On May 4, 2007, at 7:49 PM, Tom Lane wrote:
Jim Nasby <[EMAIL PROTECTED]> writes:
On a related note, it would also be *really* nice if we kept stats on
how many sorts or hashes had spilled to disk, perhaps along with how
much had spilled. Right now the only way to monitor that in a
production system is to setup a cron job to watch pgsql_tmp, which is
far from elegant.

No, you can turn on trace_sort and track it from watching the log.
If pgfouine hasn't got something for that already, I'd be surprised.

There's several problems with that. First, trace_sort isn't documented (or at least it's not in postgresql.conf), so most folks don't know it exists. Second, in order to see it's output you have to drop log_min_messages to debug. That results in a huge log volume, especially on a production system.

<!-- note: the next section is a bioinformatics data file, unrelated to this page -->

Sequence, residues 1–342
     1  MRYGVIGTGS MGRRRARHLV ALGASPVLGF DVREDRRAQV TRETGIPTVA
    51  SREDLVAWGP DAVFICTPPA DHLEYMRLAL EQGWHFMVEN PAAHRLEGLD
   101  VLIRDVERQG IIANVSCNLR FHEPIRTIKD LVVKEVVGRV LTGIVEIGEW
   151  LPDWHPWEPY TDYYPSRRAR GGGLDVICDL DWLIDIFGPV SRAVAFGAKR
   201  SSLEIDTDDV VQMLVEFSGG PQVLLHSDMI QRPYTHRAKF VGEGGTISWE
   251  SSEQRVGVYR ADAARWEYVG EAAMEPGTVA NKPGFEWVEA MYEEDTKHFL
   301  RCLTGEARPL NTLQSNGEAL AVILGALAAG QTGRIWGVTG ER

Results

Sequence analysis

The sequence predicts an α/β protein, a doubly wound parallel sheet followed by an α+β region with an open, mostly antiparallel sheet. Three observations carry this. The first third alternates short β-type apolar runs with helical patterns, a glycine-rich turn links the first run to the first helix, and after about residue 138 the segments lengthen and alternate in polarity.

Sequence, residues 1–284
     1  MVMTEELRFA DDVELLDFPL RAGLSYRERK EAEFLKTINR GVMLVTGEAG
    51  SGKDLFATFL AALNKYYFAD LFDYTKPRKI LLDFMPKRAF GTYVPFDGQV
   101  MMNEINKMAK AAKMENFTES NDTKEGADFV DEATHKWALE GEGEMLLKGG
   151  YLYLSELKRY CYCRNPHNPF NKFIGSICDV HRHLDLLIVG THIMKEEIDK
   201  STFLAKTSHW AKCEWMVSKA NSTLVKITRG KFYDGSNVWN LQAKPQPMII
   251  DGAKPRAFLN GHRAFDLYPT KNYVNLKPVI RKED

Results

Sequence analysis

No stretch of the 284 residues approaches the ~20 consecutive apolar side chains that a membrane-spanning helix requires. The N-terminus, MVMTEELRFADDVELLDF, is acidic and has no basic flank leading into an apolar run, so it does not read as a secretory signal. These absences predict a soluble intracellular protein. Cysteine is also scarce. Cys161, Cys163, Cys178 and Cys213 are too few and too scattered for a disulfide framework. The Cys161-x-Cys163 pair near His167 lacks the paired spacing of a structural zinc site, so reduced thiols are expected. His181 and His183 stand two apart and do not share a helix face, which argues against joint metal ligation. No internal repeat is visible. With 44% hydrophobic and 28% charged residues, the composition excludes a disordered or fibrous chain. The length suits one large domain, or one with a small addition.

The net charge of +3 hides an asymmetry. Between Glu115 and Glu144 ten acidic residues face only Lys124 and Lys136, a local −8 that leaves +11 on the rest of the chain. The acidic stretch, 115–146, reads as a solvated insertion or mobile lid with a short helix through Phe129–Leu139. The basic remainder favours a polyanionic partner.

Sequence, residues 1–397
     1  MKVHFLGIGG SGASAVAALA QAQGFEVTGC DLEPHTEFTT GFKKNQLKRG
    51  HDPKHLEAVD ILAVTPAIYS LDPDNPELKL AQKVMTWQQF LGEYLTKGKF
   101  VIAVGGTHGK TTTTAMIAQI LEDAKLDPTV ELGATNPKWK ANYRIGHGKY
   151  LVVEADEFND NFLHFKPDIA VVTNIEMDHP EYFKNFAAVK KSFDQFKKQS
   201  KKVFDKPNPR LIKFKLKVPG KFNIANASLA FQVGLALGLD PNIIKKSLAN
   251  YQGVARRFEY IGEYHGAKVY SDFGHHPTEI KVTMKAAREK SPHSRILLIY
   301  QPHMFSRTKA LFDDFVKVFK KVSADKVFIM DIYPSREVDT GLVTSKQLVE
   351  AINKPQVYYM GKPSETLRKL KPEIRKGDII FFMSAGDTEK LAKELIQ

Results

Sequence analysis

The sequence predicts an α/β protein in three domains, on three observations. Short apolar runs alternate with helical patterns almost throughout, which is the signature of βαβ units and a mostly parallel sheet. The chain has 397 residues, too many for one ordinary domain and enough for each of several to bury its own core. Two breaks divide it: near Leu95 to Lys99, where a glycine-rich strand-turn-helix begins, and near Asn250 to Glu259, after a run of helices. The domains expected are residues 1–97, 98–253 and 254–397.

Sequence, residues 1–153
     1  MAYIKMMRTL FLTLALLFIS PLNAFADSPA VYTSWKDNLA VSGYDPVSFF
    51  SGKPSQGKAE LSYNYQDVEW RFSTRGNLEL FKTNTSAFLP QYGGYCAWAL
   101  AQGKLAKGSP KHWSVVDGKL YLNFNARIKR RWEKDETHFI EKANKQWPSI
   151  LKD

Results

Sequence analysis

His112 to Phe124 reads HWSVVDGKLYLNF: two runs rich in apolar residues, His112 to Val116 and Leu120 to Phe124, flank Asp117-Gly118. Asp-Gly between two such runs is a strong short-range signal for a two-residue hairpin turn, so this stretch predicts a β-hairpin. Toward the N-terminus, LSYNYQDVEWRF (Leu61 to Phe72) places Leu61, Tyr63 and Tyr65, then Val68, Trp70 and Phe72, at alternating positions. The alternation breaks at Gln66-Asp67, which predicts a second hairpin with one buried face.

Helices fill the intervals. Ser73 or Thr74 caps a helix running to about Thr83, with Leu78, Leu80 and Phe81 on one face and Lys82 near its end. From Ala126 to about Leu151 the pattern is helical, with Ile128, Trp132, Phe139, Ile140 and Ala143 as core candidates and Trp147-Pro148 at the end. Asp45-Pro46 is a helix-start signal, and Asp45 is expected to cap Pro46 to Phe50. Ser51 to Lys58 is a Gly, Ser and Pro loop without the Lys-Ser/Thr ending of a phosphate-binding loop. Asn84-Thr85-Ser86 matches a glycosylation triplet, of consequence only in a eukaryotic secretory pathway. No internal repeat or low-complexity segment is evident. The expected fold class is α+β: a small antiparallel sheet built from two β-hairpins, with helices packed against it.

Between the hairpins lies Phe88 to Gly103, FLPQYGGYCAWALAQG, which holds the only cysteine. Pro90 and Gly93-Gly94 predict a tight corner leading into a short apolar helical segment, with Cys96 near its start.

Aside from that, log files are not a good way to monitor performance, they should be used for reporting on exception conditions. If the log was meant to be the means for monitoring performance, then why have the statistics system at all?

As for pgfouine, I've never been to a customer that knew what it was. But almost all of them have other monitoring tools such as cricket, MRTG and Nagios setup. Those that don't at least know they exist.
Jim Nasby                                            [EMAIL PROTECTED]
EnterpriseDB      http://enterprisedb.com      512.569.9461 (cell)

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